Second Life, in contrast, continues to be fresh an’ interesting (the virtues of user-generated content). I’ve been generally hanging out and exploring stuff as usual, and for the first time gotten into some PvE combat, which I’ve never really done in SL before. And in order to figure out how that works I’ve started fiddling with my own combat scripts; maybe I will post the sources to the Wiki once I have it all working (it will be simpler than the full blown open-source RPG system that’s out there now, so maybe easier to learn stuff from). Unless I get distracted. Which I usually do. :)

(Today’s distraction, while I was fiddling with combat scripts, was a friend I hadn’t talked to in ages IMing me at random and eventually mentioning that she’d gotten into SL Golf lately, and of course we ended up going off golfing a bit together, which was fun.)

What else what else? I’ve been watching Buffy the Vampire Slayer episodes (in order from the beginning) on Netflix streaming on the iPad (did I mention that?). I last watched Season Three: Episode Five (“Homecoming”). It’s a kinda guilty pleasure :) but really it’s pretty good, most of the time. I get annoyed when things happen too obviously for plot reasons, but that’s only once in awhile.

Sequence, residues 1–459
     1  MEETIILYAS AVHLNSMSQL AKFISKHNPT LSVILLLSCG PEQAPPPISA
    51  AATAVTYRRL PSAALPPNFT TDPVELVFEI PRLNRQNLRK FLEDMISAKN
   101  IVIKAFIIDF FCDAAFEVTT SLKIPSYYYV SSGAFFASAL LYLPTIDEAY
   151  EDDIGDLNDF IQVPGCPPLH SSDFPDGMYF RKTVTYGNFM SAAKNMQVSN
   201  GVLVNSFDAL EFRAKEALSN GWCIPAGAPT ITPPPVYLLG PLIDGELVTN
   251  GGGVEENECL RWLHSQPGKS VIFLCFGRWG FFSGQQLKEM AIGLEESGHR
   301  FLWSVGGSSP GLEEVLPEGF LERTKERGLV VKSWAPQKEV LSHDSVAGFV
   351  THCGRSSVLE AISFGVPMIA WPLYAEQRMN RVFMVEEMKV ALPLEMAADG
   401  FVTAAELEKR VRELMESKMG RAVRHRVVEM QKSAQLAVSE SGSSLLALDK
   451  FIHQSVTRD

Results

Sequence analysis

Soon I will be caught up as of the end of 1998!

And finally, what’s up with people behind counters saying “Can I help who’s next?”? (Or possibly “Can I help who’s next?”) Is that an East Coast thing? A New York thing? A suburban thing? Do people say that around you? Maybe someone can ask Language Hat

2011/10/25

Tuesday, October 25, 2011

Personal Identity and the Continuity of Consciousness in Buffy the Vampire Slayer and that one Babylon 5 Episode

We use these two fragments of popular culture (decade-old popular culture, at that) to explore and illuminate our intuitions, or lack thereof, about personal identity, consciousness, and moral responsibility (that last bit didn’t fit into the title, or really it would have fit, but then the title would have been really really long).